Zweifelv.Harrisburg Railways Co.

Supreme Court of PennsylvaniaJun 27, 1925
284 Pa. 212 (Pa. 1925)
284 Pa. 212130 A. 411

May 25, 1925.

June 27, 1925.

Negligence — Street railways — Right-angled collision — Death — Evidence — Contributory negligence — Case for jury.

In an action against a street railway company for death caused by a right-angled collision between an electric car and an automobile, the case is for the jury on the contributory negligence of the deceased, where it appears that no one could tell with certainty just what the deceased saw as he approached the tracks at a street intersection, but it does appear that a standing truck could have obstructed his view at this point until he was about to cross the tracks.

Argued May 25, 1925.

Appeal, No. 1, May T., 1925, by defendant, from judgment of C. P. Dauphin Co., Sept. T., 1922, No. 476, on verdict for plaintiff in case of Mary Zweifel v. Harrisburg Railways Co.


Trespass for death of plaintiff's husband. Before WICKERSHAM, J.

The opinion of the Supreme Court states the facts.

Verdict and judgment for plaintiff for $15,481 in her own right and $1,577 in suit brought as administratrix. Defendant appealed.

Error assigned was, inter alia, refusal of judgment for defendant n. o. v.

Charles L. Bailey, Jr., with him George F. Lumb, for appellant, cited: McCracken v. Traction Co., 201 Pa. 378; Odbert v. Ry., 50 Pa. Super. 525; Ervay v. Traction Co., 240 Pa. 440; Blaney v. Traction Co., 184 Pa. 524; Smith v. Traction Co., 187 Pa. 110; Wolf v. Transit Co., 252 Pa. 448; Yevsack v. R. R., 221 Pa. 493; Boring v. Traction Co., 211 Pa. 594; Hazlett v. Director Gen., 274 Pa. 433.

John R. Geyer, with him Paul G. Smith, for appellee, cited: Wagner v. Transit Co., 252 Pa. 354; Short v. Transit Co., 68 Pa. Super. 357; McLoughlin v. Transit Co., 65 Pa. Super. 284.

Mary Zweifel sued in trespass to recover for the death of her husband, which she alleged was due to the negligence of the Harrisburg Railways Company; judgment was entered on a verdict in her favor and defendant has appealed.

The action arose out of a right-angled collision between an automobile driven by Thomas Zweifel, plaintiff's husband, and a trolley car of defendant company. On the morning of July 19, 1922, Zweifel was driving his machine, a coupe, at ordinary speed, east on Woodbine Street, and defendant's car was going north on Fourth Street; the collision between the two occurred at the intersection of these highways in the City of Harrisburg, when the automobile was crossing the second rail of defendant's track.

Plaintiff produced evidence which, if believed (as the verdict shows it to have been), was sufficient to prove that defendant's car was operated at an unlawful and excessive speed as it approached the intersection in question; but defendant contends that the testimony of plaintiff's own witnesses convicts her deceased husband of contributory negligence by showing that he heedlessly drove directly in front of a rapidly approaching vehicle, which was in plain sight and could, by due care, have been observed. This latter is the only point which was pressed on the present appeal, defendant stating in its brief: "This appeal is based solely upon the contributory negligence of the plaintiff's decedent, Thomas Zweifel, as it appears from the plaintiff's evidence, and from all the evidence in the case."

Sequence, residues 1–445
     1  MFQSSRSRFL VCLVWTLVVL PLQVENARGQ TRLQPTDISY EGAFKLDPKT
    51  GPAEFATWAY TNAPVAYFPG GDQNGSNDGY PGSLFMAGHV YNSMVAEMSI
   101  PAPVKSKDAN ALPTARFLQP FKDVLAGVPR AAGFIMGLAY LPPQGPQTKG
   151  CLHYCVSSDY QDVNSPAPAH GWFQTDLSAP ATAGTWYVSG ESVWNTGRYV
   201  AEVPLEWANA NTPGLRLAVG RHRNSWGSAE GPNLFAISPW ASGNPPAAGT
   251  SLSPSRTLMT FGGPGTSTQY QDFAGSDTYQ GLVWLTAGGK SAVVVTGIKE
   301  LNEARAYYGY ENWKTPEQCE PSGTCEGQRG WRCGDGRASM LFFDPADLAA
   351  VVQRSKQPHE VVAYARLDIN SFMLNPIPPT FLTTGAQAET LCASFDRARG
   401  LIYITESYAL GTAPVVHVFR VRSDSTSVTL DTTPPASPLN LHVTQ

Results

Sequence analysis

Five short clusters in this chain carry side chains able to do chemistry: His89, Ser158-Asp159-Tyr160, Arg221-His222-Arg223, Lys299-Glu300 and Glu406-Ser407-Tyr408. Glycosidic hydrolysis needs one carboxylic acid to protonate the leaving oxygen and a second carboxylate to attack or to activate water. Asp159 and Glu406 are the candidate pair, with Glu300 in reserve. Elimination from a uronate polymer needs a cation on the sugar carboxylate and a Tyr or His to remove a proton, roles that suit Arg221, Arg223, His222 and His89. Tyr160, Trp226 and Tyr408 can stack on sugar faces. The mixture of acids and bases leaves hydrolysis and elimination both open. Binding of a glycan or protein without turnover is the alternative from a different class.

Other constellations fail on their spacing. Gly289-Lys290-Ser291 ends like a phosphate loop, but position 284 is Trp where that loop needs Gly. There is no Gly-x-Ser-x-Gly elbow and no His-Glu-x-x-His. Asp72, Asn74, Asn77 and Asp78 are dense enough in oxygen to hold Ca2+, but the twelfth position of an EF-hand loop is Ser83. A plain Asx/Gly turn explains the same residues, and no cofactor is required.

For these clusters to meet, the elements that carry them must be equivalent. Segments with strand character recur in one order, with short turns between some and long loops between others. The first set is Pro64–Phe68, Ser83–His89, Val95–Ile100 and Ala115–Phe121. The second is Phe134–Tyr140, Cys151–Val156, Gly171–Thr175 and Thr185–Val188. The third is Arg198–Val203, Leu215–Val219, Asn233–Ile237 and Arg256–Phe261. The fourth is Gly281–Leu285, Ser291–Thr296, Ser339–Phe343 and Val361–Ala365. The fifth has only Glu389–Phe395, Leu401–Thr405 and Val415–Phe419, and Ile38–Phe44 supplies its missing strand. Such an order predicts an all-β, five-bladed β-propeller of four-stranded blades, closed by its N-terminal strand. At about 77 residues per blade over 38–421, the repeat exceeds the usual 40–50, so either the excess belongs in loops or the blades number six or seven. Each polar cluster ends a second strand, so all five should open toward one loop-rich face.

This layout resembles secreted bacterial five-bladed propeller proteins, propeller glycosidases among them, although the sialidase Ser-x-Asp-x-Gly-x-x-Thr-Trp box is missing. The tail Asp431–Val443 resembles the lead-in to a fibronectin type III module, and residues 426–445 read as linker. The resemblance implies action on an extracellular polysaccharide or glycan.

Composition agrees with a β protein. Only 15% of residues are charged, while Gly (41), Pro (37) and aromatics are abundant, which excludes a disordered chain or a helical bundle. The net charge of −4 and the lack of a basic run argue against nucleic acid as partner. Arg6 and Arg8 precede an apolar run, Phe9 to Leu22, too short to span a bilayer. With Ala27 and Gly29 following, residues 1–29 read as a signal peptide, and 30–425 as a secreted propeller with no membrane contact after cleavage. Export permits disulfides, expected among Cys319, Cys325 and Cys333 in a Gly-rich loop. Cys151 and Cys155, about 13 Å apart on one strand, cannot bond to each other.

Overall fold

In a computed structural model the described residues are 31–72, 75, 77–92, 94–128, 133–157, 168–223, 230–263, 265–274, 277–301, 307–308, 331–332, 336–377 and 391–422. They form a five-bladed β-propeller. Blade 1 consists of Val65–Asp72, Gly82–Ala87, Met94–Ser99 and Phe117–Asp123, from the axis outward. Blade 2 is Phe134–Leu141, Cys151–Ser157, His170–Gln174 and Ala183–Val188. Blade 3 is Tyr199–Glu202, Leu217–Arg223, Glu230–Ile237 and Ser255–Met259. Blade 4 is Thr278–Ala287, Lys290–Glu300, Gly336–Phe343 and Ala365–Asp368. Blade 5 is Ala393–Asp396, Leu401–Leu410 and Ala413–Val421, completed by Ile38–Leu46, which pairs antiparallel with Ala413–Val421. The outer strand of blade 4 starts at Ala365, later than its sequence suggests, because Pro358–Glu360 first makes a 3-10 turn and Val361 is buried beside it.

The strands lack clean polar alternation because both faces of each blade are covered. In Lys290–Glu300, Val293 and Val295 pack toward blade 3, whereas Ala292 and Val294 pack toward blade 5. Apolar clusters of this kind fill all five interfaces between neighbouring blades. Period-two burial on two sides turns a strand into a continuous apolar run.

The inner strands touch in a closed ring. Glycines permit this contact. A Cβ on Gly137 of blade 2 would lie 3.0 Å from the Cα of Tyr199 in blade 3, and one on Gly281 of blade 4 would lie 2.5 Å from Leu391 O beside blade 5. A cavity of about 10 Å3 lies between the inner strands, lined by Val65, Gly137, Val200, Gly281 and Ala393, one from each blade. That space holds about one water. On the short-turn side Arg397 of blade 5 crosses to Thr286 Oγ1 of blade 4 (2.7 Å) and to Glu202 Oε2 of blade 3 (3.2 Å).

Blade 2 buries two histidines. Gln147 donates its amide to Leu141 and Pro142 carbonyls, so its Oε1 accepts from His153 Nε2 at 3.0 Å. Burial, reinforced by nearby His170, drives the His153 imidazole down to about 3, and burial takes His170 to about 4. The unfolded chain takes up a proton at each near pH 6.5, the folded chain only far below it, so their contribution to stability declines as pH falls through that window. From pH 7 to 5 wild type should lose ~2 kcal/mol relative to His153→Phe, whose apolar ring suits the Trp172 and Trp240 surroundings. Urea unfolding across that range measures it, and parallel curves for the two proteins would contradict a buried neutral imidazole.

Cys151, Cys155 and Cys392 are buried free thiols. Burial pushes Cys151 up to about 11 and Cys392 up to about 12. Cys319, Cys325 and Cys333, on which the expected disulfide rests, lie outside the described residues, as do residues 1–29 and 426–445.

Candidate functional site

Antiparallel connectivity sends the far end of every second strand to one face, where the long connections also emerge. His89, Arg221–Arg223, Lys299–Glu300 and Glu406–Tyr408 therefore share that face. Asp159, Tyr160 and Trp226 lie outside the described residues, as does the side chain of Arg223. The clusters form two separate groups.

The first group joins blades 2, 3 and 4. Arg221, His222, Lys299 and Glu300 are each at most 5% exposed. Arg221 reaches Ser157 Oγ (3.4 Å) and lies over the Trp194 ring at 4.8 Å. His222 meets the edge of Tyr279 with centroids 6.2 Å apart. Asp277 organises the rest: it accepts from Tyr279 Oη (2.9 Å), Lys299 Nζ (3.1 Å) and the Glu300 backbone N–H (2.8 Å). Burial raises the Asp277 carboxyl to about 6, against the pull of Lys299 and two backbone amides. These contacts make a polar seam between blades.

In disposing of defendant's contention, the court below refers to the fact that, at the time of the accident, there was an obstruction on the west side of Fourth Street, below Woodbine Street (that is, in the direction toward which Zweifel would have looked for an approaching car), which might well have concealed the car from his view, or, if this obstruction did not actually hide the car, it may have prevented him from properly estimating the speed of the trolley or from appreciating the lack of control under which it was approaching the crossing. As to this, the court correctly states: "It is quite true that if there had been no obstruction in Fourth Street, Zweifel could easily have seen the approaching street car when he reached the intersection of Fourth and Woodbine streets, but it is undisputed . . . . . . that [a] baker's truck . . . . . . was parked on the west side of Fourth Street, below Woodbine, and, from its length and size, as testified to by [plaintiff's] witness Irwin, it might easily have obstructed Zweifel's view of the approaching car until he was at [or about to cross] the tracks of the defendant company. Having in consideration the presumption in his favor that he did all he was required to do in approaching the tracks . . . . ., in addition to the proven fact that the baker's truck could have obstructed his view of the approaching car, we cannot say, as a matter of law, that [deceased] failed in his duty, or that he was guilty of contributory negligence, which would prevent recovery." While several of plaintiff's witnesses described the condition of affairs which attended the accident, the speed of the respective vehicles, etc., yet, as stated in the opinion of the court below, "No one knows [or can tell, to any degree of certainty, from the evidence,] just what Zweifel saw as he approached the tracks of defendant company."

Though most right-angled collisions with trolley cars, when they occur in broad daylight and there is a fair opportunity to observe the approaching trolley, may be avoided through due care by the driver of the other vehicle, still, owing to the peculiar facts indicated by the testimony as possibly existing in the present case, we cannot say that this is such an instance; on the contrary, the issues involved, including those concerning the alleged contributory negligence of plaintiff's husband, were all for the jury.

The judgment is affirmed.